Newspapers Of India And China
gazette press government lord calcutta indian
NEWSPAPERS OF INDIA AND CHINA, India. -For a considerable period under the rule of the East India Company, the Indian press was very unimportant both in character and influence. It was permitted to shape its course and to gain a position as it could, under the potent checks of the deportation power and the libel law, without any direct censorship. Nor was it found difficult to inflict exemplary punishment on the writers of "offensive paragraphs."
Prior to Lord Wellesley's administration the most considerable newspaper published at Calcutta were The World, The Bengal Journal, The Hurkar2t, The Calcutta Gazette (the organ of the Bengal Government), The Telegraph, The Calcutta Courier, The Asiatic Mirror, and The Indian Gazette. Not one of these eight journals has survived, as a substantive publication,' until now. Mr Duane, the editor of the first-named paper, was sent to Europe in 1794 for "an inflammatory address to the army," as was Mr Charles Maclean, four years afterwards, for animadverting in The Telegraph on the official conduct of a local magistrate. Lord Wellesley was the first governor-general who created a censorship (April 1799). His press-code was abolished by the marquis of Hastings in 1818. The power of transporting obnoxious editors to Europe of course remained. Perhaps the most conspicuous instance of its exercise was the removal of the editor of The Calcutta Journal (Silk Buckingham), which occurred immediately after Lord Hastings's departure from India, and during the government of his temporary successor, Mr John Adam. Buckingham's departure was followed closely (14th March 1823) by a new licensing Act, far exceeding in stringency that of Lord Wellesley, and (5th April 1823), by an elaborate " Regulation for preventing the Establishment of Printing-Presses without Licence, and for restraining under certain circumstances the Circulation of Printed Books and Papers." The first application of it was to suppress The Calcutta Journal.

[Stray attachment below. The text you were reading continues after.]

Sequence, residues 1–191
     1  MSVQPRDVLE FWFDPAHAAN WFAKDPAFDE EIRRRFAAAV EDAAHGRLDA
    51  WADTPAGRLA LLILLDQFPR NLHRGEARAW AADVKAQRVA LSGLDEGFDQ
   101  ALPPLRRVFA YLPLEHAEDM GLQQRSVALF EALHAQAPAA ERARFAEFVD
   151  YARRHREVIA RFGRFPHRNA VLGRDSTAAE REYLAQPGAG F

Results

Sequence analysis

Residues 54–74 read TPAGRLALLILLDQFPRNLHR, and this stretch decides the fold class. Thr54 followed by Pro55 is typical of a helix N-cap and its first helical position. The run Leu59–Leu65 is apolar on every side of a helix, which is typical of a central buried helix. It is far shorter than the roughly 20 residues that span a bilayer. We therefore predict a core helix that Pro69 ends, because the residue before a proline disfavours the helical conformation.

In the course of the elaborate inquiry into the administration of India which occupied both Houses of Parliament in 1832, prior to the renewal of the Company's charter, it was stated that there were, besides 5 native journals, 6 European newspapers :-three daily, The Bengal Hurleartt, John Bull, and The Indian Gazette; one published twice a week, The Government Gazette; and two weekly, The Bengal Herald and The Oriental Observer. At this period every paper was published under a licence, revocable at pleasure, with or without previous inquiry or notice. At Madras, on the other hand, the press remained under rigid restriction. The Madras censorship was removed whilst the parliamentary inquiry of 1832 was still pending.
One question only, and that but for a brief interval, disturbed Lord William Bentinck's love of free discussion. The too famous " Half-Batta " measure led him to think that a resolute persistence in an unwise policy by the home Government against the known convictions of the men actually at the helm in India and an unfettered press were two things that could scarcely co-exist. It was on this occasion that Sir Charles Metcalfe recorded his minute of September 1830, the reasoning of which fully justifies the assertion-" I have, for my own part, always advocated the liberty of the press, believing its benefits to outweigh its mischiefs ; and I continue of the same opinion." This opinion was amply carried out in the memorable raw (drafted by Macaulay, and enacted by Metcalfe as governor-general in 1835), which totally abrogated the licensing system. It left all men at liberty to express their sentiments on public affairs, under the legal and moral responsibilities of ordinary life, and remained in force until the outbreak of the mutiny of 1857.